October 14, 2016

The Trainwreck Files: Arianne Zucker

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trainwreckfilesIt’s time for the second installment of our new series The Trainwreck Files, in which the mighty Sady Doyle—author of Trainwreck: The Women We Love to Hate, Mock, and Fear… And Why—looks at a figure from the headlines and answers the question: Are they a trainwreck? Because America is crawling its way to the electoral finish line, and, hey, we might as well learn something.

 


 

The point of hugging Arianne Zucker was to humiliate her. Just prior to the hug, Donald Trump had (infamously) been secured away in a bus, chattering to Billy Bush about the advantages of fame, most of which appeared to be the advantages of being a man and living in rape culture: “When you’re a star, they let you do it. Grab them by the pussy. You can do anything.” Bush happily guffawed along, and encouraged Trump to give an appraisal of Zucker’s grabbable qualities before they met with her. She was “a hot piece of ass,” Bush volunteered. Trump floated the possibility of forcing a kiss on her: “It looks nice.”

That’s a very telling pronoun: It. A thing; a toy, with which these two men could play their little games. Off the bus, of course, Bush not-so-subtly pressured Zucker to let the two men touch her, hugging her, playing little games about who got to hold which of her arms as they walked around the set. It was a power play, made more visceral by the fact that Zucker had no way of knowing what the two men really intended, or of the fact that they were laughing at her behind her back — a way of getting one over on her, of proving how powerless women really are in a world where “they” let Donald Trump do these things.

Well: They’re not letting him any more. Zucker has, if anything, emerged as a culture hero in the past few days, the woman whose humiliation finally took Trump down. Since the tape, woman after woman after woman has come forward to accuse Trump of sexually assaulting her — forcing kisses, grabbing pussies, and so on. And, while Zucker has mentioned that it’s painful to see her eleven-year-old humiliation constantly replayed on cable news—especially since she’s just now learning that it was humiliation—she’s kept her dignity intact throughout.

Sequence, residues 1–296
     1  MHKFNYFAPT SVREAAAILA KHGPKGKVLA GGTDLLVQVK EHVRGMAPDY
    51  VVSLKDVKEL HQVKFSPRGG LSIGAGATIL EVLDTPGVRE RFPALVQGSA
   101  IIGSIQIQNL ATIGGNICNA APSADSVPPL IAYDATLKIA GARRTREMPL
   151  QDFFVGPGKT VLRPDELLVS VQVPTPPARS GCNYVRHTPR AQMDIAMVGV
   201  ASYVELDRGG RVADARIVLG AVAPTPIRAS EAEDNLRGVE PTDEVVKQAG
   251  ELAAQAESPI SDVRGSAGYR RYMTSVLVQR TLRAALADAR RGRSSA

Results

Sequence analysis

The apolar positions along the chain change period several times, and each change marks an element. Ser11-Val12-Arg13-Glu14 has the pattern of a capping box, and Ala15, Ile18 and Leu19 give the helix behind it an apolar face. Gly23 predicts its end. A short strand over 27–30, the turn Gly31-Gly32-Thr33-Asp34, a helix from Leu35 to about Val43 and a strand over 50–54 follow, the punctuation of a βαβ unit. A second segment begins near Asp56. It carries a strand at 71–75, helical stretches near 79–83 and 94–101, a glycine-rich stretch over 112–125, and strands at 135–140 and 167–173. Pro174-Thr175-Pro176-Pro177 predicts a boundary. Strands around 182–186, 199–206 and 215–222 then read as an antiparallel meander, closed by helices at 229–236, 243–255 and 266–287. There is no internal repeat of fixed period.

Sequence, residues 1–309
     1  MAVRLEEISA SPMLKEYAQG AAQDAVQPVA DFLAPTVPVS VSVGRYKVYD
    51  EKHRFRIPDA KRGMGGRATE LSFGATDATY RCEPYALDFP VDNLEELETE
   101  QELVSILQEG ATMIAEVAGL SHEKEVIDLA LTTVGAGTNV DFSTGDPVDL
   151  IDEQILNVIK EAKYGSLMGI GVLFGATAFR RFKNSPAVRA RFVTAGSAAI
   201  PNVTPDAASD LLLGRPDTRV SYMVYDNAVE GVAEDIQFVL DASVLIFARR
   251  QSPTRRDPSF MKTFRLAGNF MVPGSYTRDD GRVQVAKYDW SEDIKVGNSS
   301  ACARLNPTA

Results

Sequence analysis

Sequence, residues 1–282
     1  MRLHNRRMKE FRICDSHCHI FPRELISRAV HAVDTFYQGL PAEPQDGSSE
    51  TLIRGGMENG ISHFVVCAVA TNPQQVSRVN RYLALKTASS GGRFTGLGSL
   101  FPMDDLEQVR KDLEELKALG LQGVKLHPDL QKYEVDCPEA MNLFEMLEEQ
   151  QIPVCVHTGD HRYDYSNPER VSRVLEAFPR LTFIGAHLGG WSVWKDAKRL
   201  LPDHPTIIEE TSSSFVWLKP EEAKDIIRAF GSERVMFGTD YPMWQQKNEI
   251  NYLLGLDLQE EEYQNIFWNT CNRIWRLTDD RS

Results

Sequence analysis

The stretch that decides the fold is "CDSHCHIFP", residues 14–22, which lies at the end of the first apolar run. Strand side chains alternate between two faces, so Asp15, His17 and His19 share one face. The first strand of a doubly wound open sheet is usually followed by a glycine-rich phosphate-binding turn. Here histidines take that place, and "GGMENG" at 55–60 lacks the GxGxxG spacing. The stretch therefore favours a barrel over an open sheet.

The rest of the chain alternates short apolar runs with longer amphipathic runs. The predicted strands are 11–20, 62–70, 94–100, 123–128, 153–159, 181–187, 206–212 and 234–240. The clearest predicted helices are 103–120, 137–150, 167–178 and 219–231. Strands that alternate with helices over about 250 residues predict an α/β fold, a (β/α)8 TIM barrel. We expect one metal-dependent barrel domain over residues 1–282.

“I want to teach my daughter that if she ever gets in a situation like mommy is in right now that she will hold her head high as well,” Zucker told the Today show.

Trainwrecks are women who lose control of their narratives — whose right to tell their story is taken from them, and whose humiliation thereby becomes mass entertainment. And there was certainly a time when Zucker’s humiliation entertained Trump. But when the camera shifts to a new angle—when we look not at the humiliation, but at exactly what kind of person enjoys causing it—we begin a new kind of story, one in which the women who survive it all are the most admirable characters in the whole sordid thing.

 

Verdict: Definitely not a trainwreck.



Sady Doyle founded the blog Tiger Beatdown in 2008. Her work has appeared in In These Times, The Guardian, Elle.com, The Atlantic, Slate, Buzzfeed, Rookie, and lots of other places around the Internet. Her first book, Trainwreck: The Women We Love to Hate, Mock, and Fear... And Why is out now from Melville House.

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